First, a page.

View Full Version : Need Opinion - 1st Build

11-16-2010, 10:34 AM
Hello ,
I am going to be building my 1st CNC Router machine. I am not looking for speed , just accuracy. Where should I start? stepper motors , servo , etc...
Thanks for any help in advance.

11-16-2010, 11:12 AM
Steppers and servos are both accurate. Servos have feedback (encoders) to confirm the distances traveled. Steppers do what they are told and expect it to have been done. Steppers have no way to know if the last move was actually performed according to the g code or MDI. Steppers and their controllers and components are less expensive, seem to take less electrical understanding and work fine in most applications. If a stepper hits the end of the tables travel besides a noise that doesnt sound good nothing really happens besides losing your place and possibly ruining the part. No damage is done to the machine and if you have good limit and home switches set up right, you should be able to recover (if you know where the crash happened) otherwise you just rehome and rerun the whole file possibly saving the work. Servos I believe stop and or correct the toolpath to match the commanded coordinates. My understanding is that servos do not like to be stopped (due to incorrect commands most likely) and damage can occur to them when this occurs. Either way if this is your first time in the cnc world, there is a lot to learn. Steppers will be the cheapest and easiest way. I personally went with a Hobby Pro Cnc kit and ordered the steppers at the same time from them too. The support for the kit building was incredible and the results are fantastic. Not to say there were no problems along the way but it went well. I also purchased a Gecko G540 for another project, it too works very well and doesnt involve assembly besides a power supply. To tell you the truth I cant tell the difference in the performance between the 2. Again not to say there isnt a difference, I just dont know what it is. Well there is this 1 issue, the Hobby Pro Cnc kit has the ability to adjust the stepping between 10x microstepping to single stepping. The G540 is 10x with no adjustability. For 2 of my machines (which have a gear reduction) I believe this is a hinderance which theoretically provides an accuracy that is unacheivable or not even desirable. If 1 step only moves the table say .00001, then it would take 100 steps to move .001, in my mind it seems like alot of the computers resources are used or cant keep up if higher speeds are desired.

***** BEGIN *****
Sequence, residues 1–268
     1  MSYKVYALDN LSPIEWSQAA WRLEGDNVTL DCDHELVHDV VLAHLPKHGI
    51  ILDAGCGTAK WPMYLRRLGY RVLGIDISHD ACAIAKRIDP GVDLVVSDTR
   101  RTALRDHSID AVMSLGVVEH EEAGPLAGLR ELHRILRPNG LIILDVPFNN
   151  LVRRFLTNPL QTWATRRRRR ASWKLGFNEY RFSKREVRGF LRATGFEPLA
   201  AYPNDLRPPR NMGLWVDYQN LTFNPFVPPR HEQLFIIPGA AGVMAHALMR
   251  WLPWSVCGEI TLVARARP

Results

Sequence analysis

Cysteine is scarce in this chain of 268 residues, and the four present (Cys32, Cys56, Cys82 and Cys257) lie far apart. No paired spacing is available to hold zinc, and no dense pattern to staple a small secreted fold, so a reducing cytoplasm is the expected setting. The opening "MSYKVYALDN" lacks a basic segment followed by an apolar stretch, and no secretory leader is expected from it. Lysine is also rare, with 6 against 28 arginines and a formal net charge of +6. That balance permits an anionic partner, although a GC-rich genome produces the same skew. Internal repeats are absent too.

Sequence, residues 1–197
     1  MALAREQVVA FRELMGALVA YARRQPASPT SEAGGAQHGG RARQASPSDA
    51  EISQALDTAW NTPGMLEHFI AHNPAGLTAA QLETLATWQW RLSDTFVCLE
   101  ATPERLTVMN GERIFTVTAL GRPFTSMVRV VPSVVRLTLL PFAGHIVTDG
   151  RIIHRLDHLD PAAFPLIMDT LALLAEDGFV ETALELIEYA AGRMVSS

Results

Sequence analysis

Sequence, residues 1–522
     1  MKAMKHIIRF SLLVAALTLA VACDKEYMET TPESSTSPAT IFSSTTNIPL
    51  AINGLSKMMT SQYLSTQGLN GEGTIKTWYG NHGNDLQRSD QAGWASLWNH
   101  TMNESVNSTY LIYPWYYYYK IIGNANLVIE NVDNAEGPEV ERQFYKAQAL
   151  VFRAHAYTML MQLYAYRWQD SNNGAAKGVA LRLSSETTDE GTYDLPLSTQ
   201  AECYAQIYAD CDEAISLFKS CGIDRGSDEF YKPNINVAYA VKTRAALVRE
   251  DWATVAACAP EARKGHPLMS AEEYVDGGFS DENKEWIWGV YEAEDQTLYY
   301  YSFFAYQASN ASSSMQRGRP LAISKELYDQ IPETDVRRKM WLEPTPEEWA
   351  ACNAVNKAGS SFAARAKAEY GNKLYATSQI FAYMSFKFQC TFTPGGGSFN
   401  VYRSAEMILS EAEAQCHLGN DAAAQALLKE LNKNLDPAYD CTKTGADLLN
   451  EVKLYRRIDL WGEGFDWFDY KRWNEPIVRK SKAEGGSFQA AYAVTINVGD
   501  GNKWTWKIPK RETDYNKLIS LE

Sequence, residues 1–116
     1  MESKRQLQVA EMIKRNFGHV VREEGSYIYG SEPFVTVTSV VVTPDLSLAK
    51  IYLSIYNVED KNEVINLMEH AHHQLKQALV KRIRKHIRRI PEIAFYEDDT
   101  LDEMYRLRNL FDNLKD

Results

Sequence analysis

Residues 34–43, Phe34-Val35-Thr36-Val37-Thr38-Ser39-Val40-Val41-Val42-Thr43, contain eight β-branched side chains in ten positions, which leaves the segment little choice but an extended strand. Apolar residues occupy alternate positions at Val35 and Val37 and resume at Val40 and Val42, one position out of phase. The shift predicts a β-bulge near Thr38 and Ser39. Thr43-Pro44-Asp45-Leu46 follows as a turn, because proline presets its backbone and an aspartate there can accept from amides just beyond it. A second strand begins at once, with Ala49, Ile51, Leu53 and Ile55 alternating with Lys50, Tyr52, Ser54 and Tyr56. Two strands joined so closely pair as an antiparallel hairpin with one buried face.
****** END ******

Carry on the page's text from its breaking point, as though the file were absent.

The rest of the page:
11-16-2010, 01:41 PM
Thanks for the info. Will steppers do intricate work?

11-16-2010, 01:58 PM
The resolution can be just as good. My machine are accurate to .001 pretty easily I would think. I dont need anything that close just yet.

11-16-2010, 03:28 PM
What happens if the stepper misses a step or something like that? Is the rest of the program going to be off without you knowing?

11-16-2010, 04:00 PM
Yes and that will happen in the beginning and possibly other times to. You do have to learn about the limits of whatever machine you decide on. If you can be reasonable in your expectations you will be fine. Watch any of Hoss' videos or Simpson36, those are mostly all stepper controlled machines. Stay away from the feed rate override button (the ability to make your machines table go faster during a program) and you probably wont miss any steps. The feed rate override can be like bringing in the torch to boil water! Realize that the machine you will probably run at home doesnt compete with the 6000lb machine the pros get to use and feeds will be reduced accordingly. Cnc is also not for 1 off items, it can and is done, but there is a lot of experience required to make it happen. The scrap pile is big around my house but I buy scrap to cut. I am not trying to discourage you in any way. Steppers are affordable for the masses and are plenty accurate if used within their specs. Btw if it only lost a step (a step could as little as .00001, it just depends upon lead or ballscrews, gear reductions, and how many steps per revolution the stepper is, most are 200) you would never see the mistake, however if it begins to lose many steps per cycle (which is usually what happens) then eventually everything gets skewed and the part or endmill breaks. Mistakes are going to happen, better to learn on an inexpensive machine first in my opinion.